Block heaters, a true piece of North Dakota heritage

This isn't an electric truck. The plug is for the block heater.

I’m getting a block heater installed in my pickup Thursday. It’s something I’ve been meaning to do but kept putting off for far too long. Now temperatures have really fallen and I want to keep from wearing out the parts.

Block heaters were actually invented by a North Dakota man named Andrew Freeman back in the 1940s. Before then, residents of cold climates used all sorts of creative means to get their cars started on cold mornings, from shoveling burning coals onto the ground beneath a car to draining the oil every night and storing it inside to keep it warm before refilling it in the morning. To learn more of Freeman’s life story, check out this Dakota Datebook article from Prairie Public Radio.

Block heaters aren’t just good for your convenience; they’re good for the environment. Because cold gas doesn’t vaporize and mix with air as well, a cold engine has to use a bunch more fuel when it starts cold. By starting with a warmer engine block, far less gas is used. This article here details the many kinds of block heaters and some advantages and disadvantages of each.

I’m getting a freeze-plug block heater installed. They’re probably the most common sort of heaters around here. I’ve been using the same sort on my car the past three winters. I’ve never been too sure at what temperature it becomes really beneficial to use a block heater, but I always used it whenever it got below 0 degrees Farenheit. Reading some of the material above, though, I’m thinking it might be wise to use it whenever it gets below 20 or 10 degrees.

I’d love to hear from you in the comments. At what temperatures├é┬ádo you use your block heater? What sort of heater is it? Also, if you live anywhere other than the Jamestown or Fargo areas, climate-wise, what’s your experience with these devices?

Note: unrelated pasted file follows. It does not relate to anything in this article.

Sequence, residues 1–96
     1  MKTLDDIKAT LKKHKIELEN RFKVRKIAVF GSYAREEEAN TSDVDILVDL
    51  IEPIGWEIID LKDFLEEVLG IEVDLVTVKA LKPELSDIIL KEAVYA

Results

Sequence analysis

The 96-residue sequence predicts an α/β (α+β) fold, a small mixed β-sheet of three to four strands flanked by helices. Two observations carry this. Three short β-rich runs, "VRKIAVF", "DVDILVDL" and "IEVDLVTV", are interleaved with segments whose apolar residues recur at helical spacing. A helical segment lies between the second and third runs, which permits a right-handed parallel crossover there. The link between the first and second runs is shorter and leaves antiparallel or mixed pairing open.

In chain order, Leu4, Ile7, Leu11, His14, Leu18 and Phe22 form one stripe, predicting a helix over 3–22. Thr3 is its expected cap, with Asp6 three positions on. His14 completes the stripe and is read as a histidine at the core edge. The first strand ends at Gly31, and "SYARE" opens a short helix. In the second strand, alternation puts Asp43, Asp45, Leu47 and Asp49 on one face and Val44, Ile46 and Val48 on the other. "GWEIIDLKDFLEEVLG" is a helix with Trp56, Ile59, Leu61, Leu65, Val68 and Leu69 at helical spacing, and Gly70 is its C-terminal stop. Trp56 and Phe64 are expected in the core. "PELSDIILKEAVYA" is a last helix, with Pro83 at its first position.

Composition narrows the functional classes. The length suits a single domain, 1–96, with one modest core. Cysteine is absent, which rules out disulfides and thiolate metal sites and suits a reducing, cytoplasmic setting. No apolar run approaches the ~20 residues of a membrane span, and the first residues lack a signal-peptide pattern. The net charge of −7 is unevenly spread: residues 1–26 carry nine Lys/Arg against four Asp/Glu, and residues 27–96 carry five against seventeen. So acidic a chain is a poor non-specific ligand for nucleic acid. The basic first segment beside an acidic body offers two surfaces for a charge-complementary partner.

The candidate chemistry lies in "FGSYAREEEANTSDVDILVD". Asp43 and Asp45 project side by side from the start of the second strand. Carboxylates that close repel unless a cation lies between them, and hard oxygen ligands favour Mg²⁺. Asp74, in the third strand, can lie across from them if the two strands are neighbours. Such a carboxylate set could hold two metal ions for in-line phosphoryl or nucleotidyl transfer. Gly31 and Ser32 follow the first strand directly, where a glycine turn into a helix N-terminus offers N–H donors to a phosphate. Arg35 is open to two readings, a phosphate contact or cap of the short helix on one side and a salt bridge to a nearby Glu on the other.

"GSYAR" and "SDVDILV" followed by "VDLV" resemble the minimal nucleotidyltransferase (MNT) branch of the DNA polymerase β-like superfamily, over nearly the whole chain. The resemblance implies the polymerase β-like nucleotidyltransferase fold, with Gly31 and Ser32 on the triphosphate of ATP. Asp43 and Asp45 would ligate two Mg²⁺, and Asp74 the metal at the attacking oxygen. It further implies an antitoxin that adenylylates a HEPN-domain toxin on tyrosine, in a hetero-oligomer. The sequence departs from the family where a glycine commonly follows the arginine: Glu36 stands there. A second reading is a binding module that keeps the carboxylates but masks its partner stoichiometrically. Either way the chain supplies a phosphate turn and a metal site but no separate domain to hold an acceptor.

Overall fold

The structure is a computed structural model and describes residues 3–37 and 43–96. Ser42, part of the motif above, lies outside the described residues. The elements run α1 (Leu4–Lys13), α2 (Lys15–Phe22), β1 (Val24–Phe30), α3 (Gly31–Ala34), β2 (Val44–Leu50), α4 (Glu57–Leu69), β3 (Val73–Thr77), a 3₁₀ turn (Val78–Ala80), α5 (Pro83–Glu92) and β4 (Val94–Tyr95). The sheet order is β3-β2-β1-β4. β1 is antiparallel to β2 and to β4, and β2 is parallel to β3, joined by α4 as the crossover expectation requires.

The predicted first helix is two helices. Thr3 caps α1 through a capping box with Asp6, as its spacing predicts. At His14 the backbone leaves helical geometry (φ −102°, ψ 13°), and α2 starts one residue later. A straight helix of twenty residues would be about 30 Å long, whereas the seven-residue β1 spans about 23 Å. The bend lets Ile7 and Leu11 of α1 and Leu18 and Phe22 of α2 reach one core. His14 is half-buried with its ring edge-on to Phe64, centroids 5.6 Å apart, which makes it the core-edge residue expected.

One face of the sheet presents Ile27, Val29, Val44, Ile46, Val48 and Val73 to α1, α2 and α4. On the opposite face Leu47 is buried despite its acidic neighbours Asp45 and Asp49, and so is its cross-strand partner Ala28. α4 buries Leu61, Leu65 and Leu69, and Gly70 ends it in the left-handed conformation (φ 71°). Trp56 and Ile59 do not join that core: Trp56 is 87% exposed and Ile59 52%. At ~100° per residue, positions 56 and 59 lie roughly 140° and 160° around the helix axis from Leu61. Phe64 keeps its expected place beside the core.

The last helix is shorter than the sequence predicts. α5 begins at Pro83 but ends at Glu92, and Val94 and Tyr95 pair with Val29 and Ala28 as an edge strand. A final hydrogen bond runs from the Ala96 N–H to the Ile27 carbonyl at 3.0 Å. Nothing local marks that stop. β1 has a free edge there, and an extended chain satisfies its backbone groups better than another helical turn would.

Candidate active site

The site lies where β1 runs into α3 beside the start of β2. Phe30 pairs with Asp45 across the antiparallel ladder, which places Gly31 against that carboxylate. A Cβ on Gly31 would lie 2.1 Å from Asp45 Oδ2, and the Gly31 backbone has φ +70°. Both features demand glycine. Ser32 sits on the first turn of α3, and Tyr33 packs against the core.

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3 Responses to Block heaters, a true piece of North Dakota heritage

  1. Gene W. Anderson says:

    I can’t resist–As a former ND resident { Portland,ND } I know about the heaters-Now living
    in Las Vegas for the past 20 yr’s-In 1990 I took my pickup in for a oil change, as I was waiting
    for the work to be done, the mechanic came in & ask what that wire was attached to my
    grill? I replied ” I plug my truck in so I can start it ” He replied ” That’s odd, cuz it started up
    fine when I drove it onto the rack “– I replied ” It’s fully charged “– I often wonder if he ever
    figured it out—LOL—-Merry Christmas & The Best for 2011–

  2. I moved from ND to NM about a month ago. I had a block heater installed before I moved. I had never heard of a block heater but was advised to get one before I moved to ND. For the last two weeks, I’ve had it plugged in constantly – in case I wanted to use the car. I’ve only been out once on my own in the last two weeks because of snow. The Mustang just doesn’t like the snow and performs poorly on ice and snow. But it’s plugged in, just in case.

  3. joel says:

    I use my block heater when it’s less than 0 if the car is parked outside, or -10 if the car is in the garage. Not that the vehicle won’t start, but it’s easier on it to have the oil not quite as thick from being so cold. I lived in the Detroit, Michigan, area before coming back to ND a few years ago. They are enough further south that they don’t get below zero too much, and almost never in the teens below zero. And therefore nobody has a block heater, even though it’s a northern city. It was fun telling people I had an electric car, when they saw my plug hanging from my grill.